• Goals and career development: Personal and departmental goals are influenced by business goals, coaching, and duties. Instead of a hazy idea, WEM simplifies these things into obvious channels.
  • Reward and acknowledgement: Customer service can be a thankless career at times. Individuals who go above and beyond to achieve their goals or overcome adversity deserve to be recognized (and in some cases, an actual reward).
  • Offboarding: When a contact center employee quits, it can be a great opportunity to learn from them and separate on good terms.

What to look for in a good Workforce Engagement Management platform

WEM is a collection of various pieces of software that communicate with one another. The best-in-class WEM suppliers offer an all-in-one solution, combining WEM with contact centre software (e.g. Genesys Cloud CX).

If you already have a Contact Center as a Service (CCaaS) provider and wish to add WEM capabilities, search for the following components:

  • Quality control: The ability to record and analyse agent interactions across any channel. Monitoring used to be limited to audio only, but now includes speech-to-text screen recording and conversation transcripts.
  • Coaching: A scheduling system for coaching appointments, as well as features to help both coaches and individuals being coached.
  • Employee feedback systems: These are rich feedback systems that collect feedback from numerous channels, help employees communicate with one another, and assist leaders in translating it all into action.
  • Gamification: This feature delivers quick and digestible feedback loops, usually in a visually appealing and story-bound manner (for example, rank up in your adventure!). The goal is to encourage advancement and success while providing critical metrics.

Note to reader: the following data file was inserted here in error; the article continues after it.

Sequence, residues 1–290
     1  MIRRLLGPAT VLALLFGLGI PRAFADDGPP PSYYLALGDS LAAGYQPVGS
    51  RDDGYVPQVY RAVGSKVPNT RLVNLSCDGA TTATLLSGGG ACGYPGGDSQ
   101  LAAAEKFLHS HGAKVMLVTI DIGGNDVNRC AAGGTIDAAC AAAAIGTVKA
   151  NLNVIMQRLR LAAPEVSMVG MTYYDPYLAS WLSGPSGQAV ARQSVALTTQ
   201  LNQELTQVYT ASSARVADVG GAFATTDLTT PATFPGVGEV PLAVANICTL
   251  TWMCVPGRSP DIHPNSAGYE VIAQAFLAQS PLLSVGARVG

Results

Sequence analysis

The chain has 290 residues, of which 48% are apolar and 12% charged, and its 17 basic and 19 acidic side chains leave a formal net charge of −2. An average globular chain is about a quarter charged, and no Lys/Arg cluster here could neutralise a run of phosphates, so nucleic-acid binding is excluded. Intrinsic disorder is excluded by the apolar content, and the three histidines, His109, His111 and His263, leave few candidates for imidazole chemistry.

• Dashboards and analytics: Prebuilt and/or custom algorithms are fed data from all areas of the WEM. These consumable datasets can then be passed on to analysts for further analysis or delivered directly to decision-makers.
  • Tools for team communication: This system should be able to “communicate” with the remainder of the WEM system and, preferably, the entire CCaaS suite. Integrations of this type significantly accelerate internal information sharing, eliminating the need for unsightly email chains and inefficient meetings.
  • Tools for knowledge management and knowledge bases: A self-service procedure can solve several problems. A well-developed corporate knowledge base will not only document employee FAQs and common difficulties, but will also be able to accept and prioritise new issues (or update old ones with recent information).
  • CX Insight: At the end of the agent contact, a good WEM should prioritise the data and insight linked to the consumer.
  • Performance management: The fundamental WFM principles must still be documented. Call times, quotas, ratings, and so on should all be recorded and displayed in context with the rest of the job.